Polyvinyl butyral (PVB) was first utilized for solar photovoltaic modules in the 1970s [4]. Early modules incorporated PVB formulations that absorbed water at exposed edges, resulting in a cloudiness characterized by a loss in visible light transmission. As a result, solar module manufacturers shifted for the most part from PVB to ethylene vinyl acetate (EVA) for use in many solar cell applications [5]. In 1997 a ‘third generation’ PVB interlayer that mitigated the cloudiness issue was introduced to the glazing market. With the introduction of the third generation formulation, PVB is now ready for fullscale use in the solar industry, particularly for thin-film (TF) glass/glass applications. There is a controversial information about the application of both materials (EVA and PVB). Everything depends somehow or other on the ambition of the manufacturer to offer the best possible product to the customer, hence the impossibility to say for sure which is the optimal temperature regime for production of photovoltaic modules laminated with EVA or PVB. One research report [2] proposes the following thermal treatment profile (long cycle) for EVA in a laminator (Figure 1):

Figure 1: Thermal treatment profile (long cycle) in the laminator. In the industry, the short or fast cycle is used for higher throughput. Its average duration is about 22 to 25 minutes if the time of load and unload of the module is not taken into account. The short cycle finishes with the lamination step (6 minutes). After setting the laminator in unload conditions, the laminate is withdrawn from and placed in the curing oven for the required reticulation process [2]. Research had been done on PVB in PV modules, but it was stopped because of the water sensitivity of PVB. According to the research team, PVB does not have to be processed in an autoclave but with a one step lamination process. In the standard autoclave process there should be produced pressures of 12 bar and temperatures of 140°C for approximately 7 hours. The disadvantage of the autoclave free process is that it is approximately 150min long, in comparison to a standard lamination process of EVA, which takes only 25min [6]. PVB lamination process parameters as they are prescribed by the manufacturer are shown in Figure 2. Page 2 of 4

Figure 2: Parameters of the lamination process for PVB. A new process with a big potential of shortening and duration of only 54 min had been successfully developed and. The process is shown in Figure 3.

Figure 3: New developed process for the autoclave free polyvinyl butyral. The advantage of this new process is that it is possible to take the laminate hot out of the laminator without formation of any bubbles. Time to cool down the laminator is not needed. The process is a two step process. In the first step, where the laminator temperature is 90°C, PVB does not melt yet, but gets a little bit soft. At this time the air has to be removed completely out of the laminate. In the second step where the PVB melts the solar cells get enclosed by the material. The pressure in the laminator enhances this effect. Important feature of this process is that a very good vacuum (0.01 bar) inside the laminator should be maintained [6]. Page 3 of 4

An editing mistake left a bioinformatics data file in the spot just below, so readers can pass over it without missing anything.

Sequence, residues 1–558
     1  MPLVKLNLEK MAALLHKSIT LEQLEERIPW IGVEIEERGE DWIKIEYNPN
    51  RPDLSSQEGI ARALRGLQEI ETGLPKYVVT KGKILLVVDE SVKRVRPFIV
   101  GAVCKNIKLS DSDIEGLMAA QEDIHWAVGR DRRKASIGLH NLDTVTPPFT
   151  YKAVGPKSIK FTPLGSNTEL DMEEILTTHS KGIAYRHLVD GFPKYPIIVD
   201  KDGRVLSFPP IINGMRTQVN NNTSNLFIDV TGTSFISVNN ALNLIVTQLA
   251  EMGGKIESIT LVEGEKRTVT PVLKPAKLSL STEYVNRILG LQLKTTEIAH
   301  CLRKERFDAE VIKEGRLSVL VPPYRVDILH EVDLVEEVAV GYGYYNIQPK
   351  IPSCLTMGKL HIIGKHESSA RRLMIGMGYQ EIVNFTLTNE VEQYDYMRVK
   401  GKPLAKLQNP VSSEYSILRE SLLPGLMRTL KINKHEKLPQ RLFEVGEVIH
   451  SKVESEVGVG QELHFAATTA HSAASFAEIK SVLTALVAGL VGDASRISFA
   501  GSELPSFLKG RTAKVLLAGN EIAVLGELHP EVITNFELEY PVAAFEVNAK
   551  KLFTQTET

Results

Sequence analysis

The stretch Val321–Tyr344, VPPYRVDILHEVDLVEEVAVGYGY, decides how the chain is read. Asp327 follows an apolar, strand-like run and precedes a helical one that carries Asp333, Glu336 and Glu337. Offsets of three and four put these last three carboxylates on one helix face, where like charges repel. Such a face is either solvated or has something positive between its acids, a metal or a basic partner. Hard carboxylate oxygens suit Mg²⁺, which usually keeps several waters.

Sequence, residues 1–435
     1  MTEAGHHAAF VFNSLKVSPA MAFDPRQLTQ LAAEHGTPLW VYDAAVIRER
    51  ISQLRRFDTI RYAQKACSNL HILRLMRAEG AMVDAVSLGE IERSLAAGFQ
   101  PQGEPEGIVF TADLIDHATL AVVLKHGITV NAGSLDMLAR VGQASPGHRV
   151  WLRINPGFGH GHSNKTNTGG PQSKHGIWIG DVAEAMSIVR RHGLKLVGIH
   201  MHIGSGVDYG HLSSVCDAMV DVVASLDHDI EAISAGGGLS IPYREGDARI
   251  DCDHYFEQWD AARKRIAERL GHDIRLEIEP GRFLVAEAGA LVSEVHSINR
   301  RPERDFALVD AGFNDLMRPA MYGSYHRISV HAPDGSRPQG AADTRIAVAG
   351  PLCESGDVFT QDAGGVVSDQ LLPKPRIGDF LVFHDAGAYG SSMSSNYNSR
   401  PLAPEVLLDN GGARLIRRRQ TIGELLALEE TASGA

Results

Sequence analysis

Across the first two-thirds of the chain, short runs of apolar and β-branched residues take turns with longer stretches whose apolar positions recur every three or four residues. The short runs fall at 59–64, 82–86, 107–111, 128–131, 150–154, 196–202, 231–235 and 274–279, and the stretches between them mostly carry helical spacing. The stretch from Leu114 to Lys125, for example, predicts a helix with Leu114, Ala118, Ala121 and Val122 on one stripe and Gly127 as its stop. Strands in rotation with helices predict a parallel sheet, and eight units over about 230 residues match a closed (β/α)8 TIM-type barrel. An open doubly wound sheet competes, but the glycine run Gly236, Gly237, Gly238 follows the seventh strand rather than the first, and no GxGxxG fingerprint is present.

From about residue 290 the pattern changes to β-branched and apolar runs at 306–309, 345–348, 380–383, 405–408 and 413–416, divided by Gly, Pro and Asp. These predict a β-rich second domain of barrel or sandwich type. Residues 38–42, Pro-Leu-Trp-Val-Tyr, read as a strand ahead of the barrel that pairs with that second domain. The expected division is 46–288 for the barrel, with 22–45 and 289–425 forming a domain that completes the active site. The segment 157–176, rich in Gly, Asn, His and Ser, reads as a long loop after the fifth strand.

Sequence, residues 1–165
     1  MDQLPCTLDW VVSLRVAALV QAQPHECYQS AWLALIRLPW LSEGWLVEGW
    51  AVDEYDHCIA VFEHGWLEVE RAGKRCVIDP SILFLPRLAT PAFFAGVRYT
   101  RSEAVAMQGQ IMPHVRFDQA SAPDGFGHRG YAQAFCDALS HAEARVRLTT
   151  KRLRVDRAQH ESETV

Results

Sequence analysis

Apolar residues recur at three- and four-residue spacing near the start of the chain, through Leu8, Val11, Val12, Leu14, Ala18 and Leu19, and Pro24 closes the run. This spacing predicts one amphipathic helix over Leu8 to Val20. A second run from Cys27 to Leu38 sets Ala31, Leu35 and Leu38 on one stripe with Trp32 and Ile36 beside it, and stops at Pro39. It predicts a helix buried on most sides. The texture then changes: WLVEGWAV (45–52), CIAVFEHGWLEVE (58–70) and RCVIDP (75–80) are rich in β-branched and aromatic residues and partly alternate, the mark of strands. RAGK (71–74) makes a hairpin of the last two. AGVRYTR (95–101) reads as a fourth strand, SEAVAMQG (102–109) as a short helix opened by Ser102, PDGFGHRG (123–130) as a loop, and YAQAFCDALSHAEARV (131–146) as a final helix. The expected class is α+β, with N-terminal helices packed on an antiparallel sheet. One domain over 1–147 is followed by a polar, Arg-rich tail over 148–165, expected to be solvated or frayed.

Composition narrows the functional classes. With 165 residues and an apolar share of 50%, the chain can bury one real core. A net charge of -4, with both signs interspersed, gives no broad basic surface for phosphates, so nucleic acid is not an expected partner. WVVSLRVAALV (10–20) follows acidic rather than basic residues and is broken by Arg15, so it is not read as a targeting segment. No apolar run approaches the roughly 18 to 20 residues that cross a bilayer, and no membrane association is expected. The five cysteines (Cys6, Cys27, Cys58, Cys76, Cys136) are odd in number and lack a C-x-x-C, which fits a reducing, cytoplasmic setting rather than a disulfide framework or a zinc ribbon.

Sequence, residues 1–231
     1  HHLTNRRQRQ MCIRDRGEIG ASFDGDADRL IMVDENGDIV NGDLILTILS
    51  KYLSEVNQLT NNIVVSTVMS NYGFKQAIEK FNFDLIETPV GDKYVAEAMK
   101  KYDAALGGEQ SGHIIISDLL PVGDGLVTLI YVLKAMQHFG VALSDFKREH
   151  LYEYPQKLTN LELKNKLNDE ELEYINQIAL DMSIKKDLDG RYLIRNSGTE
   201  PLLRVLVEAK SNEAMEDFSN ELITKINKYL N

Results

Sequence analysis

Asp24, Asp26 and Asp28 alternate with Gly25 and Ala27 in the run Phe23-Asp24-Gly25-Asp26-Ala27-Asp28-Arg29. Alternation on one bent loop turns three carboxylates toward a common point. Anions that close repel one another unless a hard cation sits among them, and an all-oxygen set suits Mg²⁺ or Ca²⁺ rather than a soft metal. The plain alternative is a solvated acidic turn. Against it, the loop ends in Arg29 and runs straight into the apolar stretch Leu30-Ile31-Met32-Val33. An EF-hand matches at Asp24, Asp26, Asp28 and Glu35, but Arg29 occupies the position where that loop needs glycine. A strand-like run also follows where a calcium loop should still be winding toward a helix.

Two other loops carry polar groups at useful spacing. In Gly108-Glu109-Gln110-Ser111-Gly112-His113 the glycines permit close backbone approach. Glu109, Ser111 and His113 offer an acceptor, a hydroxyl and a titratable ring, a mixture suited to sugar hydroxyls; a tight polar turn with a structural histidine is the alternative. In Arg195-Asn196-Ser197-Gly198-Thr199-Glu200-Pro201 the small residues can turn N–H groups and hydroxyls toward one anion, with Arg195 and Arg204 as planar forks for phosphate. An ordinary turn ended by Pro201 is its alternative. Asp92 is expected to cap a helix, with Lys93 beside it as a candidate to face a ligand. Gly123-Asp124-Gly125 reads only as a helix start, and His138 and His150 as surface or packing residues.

REFERENCES: [1] M.D. Kempe, G.J. Jorgensen, K.M. Terwilliger, T.J. McMahon, C.E. Kennedy and T.T. Borek, Ethylene-Vinyl Acetate Potential Problems for Photovoltaic Packaging, IEEE 4th World Conference on Photovoltaic Energy Conversion (WCPEC-4) Waikoloa, Hawaii, May 7–12, 2006 [2] A. El Amrani, A.Mahrane, F. Y.Moussa, and Y. Boukennous, Solar Module Fabrication, International Journal of Photoenergy, Volume 2007, Article ID 27610, 5 pages, doi:10.1155/2007/27610 [3] Answers.com, an Internet Web-site [4] M.A Quintana et al., Diagnostic Analysis of Silicon Photovoltaic Modules after 20-Year Field Exposure, 28th IEEE PVSC, Anchorage, 2000, pp. 1420-1423. [5] K . Diefenbach, The Retur n of Laminated Glass Modules with PVB, Photon Magazine, 10 August 2007. [6] H. Schmidhuber and K. Krannich, “Why using EVA for module encapsulation if there is amuch better choice?” in Proceedings of the 17th European Photovoltaic Solar Energy Conference and Exhibition, vol. 1, pp. 662–663, Munich, Germany, October 2001.